The murals that were produced in this country in the twentieth century remain as one of the great inventive achievements in modern British art. Highly original in their approach to design, balancing varying degrees of modernity or tradition, they demonstrate the creative drive of their makers and contain singular expressions of the aesthetic, personal and social concerns that typify the ages from which they come. Some are celebrations of simple human pleasures, perhaps to decorate a refreshment room, an ocean liner or a dining room. Others are intended to be the highest expressions of their art, ambitious allegorical or decorative compositions that like the frescoes of the Renaissance would speak through the ages to later generations. The individuals and committees who commissioned them similarly believed they would both represent the best that Britain had to offer and mark the high accomplishment of contemporary society, elevating the public and private spaces they occupied and inspiring moral purpose.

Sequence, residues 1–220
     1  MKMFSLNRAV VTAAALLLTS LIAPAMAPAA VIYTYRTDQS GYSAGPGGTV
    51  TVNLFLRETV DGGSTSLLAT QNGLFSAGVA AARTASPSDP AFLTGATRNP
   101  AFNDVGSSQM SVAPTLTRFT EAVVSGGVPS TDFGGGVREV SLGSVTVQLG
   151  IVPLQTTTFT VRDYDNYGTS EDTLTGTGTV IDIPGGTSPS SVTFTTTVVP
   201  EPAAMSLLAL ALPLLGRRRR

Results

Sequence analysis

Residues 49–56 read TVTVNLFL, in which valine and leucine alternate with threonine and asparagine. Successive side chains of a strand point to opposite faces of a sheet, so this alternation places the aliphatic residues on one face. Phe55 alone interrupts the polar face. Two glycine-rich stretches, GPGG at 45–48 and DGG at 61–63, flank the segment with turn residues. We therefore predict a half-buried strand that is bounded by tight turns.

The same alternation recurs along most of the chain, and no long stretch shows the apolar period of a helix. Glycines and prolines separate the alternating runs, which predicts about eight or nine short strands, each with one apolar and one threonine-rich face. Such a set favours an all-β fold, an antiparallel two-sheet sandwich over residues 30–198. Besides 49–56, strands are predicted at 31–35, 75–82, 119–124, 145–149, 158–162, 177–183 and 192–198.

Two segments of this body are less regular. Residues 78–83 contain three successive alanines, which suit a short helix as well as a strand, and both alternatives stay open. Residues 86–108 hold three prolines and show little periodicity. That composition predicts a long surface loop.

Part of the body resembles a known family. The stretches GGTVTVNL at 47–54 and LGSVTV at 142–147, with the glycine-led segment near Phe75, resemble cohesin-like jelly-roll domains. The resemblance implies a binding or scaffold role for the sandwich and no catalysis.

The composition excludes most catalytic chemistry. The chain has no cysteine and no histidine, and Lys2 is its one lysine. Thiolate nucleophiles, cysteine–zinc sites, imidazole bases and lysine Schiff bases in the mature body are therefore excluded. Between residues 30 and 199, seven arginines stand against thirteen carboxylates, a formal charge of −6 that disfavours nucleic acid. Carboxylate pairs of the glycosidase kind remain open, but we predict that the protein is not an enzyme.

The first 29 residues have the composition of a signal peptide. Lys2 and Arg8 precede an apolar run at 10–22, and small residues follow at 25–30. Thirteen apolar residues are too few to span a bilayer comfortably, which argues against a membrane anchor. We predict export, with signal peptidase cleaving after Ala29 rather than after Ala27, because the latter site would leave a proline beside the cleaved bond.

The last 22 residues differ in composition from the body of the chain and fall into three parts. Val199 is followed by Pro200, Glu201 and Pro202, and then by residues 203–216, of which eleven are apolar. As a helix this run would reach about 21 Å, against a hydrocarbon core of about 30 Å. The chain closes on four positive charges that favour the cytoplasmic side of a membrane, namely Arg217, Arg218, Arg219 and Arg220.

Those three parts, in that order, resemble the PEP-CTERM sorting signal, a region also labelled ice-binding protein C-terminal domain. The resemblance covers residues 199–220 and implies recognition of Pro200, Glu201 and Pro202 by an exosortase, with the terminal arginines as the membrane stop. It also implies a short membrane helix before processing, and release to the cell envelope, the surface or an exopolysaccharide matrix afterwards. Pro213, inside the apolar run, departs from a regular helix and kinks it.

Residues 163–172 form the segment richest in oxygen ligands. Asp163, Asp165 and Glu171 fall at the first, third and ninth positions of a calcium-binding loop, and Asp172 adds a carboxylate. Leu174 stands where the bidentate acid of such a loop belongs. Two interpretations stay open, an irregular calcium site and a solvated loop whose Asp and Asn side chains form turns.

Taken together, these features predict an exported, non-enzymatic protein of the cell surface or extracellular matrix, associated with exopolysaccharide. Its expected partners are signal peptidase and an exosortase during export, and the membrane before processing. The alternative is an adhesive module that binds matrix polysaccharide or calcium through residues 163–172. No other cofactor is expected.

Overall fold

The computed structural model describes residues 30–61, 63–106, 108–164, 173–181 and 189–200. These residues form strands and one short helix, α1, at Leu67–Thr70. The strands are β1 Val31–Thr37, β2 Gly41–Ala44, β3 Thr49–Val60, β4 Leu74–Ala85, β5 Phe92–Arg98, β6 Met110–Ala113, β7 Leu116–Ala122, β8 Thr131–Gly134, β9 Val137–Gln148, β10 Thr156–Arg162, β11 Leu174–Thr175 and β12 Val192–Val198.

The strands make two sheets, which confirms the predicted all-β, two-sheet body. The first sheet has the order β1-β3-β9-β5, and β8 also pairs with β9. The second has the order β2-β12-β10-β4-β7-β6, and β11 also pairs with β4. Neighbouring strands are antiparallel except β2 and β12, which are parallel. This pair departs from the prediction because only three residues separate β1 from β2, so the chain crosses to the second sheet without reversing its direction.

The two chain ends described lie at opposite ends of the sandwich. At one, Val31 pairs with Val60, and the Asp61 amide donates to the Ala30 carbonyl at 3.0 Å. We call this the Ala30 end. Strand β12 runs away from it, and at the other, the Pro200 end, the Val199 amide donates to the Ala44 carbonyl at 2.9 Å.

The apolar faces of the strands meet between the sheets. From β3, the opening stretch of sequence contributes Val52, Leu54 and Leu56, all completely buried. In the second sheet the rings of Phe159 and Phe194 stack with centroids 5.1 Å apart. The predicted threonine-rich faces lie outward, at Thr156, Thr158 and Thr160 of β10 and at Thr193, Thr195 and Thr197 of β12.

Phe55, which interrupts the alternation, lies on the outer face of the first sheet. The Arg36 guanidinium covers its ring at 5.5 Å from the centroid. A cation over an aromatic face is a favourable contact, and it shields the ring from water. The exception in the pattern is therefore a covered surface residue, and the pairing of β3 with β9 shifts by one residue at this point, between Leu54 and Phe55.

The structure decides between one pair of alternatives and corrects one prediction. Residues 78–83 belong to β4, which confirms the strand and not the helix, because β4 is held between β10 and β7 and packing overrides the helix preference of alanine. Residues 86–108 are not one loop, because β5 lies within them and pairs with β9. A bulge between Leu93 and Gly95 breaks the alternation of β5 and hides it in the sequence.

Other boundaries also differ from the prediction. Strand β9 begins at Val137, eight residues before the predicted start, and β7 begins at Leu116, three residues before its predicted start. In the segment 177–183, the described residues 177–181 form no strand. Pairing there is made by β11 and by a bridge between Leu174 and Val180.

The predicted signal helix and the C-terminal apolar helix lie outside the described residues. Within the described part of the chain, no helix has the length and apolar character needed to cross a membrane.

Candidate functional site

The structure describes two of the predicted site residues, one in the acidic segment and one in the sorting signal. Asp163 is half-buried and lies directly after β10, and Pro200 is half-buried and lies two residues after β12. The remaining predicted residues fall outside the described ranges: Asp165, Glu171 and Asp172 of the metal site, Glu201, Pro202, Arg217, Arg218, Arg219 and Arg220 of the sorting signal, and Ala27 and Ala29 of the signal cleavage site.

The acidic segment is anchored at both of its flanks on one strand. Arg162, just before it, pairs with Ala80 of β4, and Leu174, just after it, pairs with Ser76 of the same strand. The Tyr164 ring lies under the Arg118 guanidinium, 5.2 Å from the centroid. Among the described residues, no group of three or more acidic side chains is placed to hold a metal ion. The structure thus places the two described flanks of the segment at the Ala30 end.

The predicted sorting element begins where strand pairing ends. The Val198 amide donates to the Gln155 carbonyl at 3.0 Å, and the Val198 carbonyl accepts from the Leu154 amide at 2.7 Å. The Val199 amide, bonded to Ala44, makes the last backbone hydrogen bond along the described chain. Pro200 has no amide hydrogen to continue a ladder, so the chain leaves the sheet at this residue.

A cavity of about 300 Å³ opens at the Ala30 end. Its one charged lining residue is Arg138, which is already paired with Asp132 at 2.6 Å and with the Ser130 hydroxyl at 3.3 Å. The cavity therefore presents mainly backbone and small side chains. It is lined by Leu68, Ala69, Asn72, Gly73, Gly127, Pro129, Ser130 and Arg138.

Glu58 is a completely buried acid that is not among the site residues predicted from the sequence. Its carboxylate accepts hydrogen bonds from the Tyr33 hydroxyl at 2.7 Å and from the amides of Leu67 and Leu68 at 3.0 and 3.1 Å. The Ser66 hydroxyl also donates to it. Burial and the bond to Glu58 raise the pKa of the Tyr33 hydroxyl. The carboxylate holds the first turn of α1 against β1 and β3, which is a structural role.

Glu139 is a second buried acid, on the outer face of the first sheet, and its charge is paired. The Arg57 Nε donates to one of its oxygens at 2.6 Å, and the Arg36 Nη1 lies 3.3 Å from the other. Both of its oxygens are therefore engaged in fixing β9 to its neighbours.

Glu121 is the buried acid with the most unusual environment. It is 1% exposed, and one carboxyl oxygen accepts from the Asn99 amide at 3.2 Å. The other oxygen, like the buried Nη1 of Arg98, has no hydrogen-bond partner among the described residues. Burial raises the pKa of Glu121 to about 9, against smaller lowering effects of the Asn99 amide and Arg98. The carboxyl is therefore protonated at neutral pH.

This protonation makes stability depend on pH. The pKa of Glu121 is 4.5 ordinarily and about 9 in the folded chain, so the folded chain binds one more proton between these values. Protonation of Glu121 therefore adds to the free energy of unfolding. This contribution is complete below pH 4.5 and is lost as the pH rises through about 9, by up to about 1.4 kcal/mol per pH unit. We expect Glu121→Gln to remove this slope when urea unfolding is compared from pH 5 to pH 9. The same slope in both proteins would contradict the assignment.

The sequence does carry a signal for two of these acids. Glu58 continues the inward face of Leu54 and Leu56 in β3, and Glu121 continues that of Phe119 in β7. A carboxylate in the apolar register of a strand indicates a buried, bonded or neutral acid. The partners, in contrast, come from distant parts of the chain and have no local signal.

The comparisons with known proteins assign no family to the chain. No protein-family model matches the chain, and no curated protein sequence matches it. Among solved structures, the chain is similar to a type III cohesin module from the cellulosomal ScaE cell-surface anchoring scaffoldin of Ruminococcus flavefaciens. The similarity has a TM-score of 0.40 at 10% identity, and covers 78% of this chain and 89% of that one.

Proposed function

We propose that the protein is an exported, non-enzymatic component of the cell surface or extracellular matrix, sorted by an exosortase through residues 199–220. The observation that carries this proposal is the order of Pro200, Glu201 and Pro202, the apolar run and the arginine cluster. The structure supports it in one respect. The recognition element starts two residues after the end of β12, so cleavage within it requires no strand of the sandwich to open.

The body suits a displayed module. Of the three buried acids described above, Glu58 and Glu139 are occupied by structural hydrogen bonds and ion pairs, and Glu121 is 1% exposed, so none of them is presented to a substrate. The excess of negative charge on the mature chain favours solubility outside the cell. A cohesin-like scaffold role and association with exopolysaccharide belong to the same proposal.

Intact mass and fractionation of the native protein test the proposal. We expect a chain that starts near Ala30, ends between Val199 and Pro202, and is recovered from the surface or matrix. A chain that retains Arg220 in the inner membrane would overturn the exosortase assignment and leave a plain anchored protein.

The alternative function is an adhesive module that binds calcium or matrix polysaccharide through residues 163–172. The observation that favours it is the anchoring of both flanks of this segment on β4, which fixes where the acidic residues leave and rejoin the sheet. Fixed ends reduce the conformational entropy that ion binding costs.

John Cecil Stephenson


Published: 2007
64 pages 41 illustrations
ISBN: 978-0-905062-42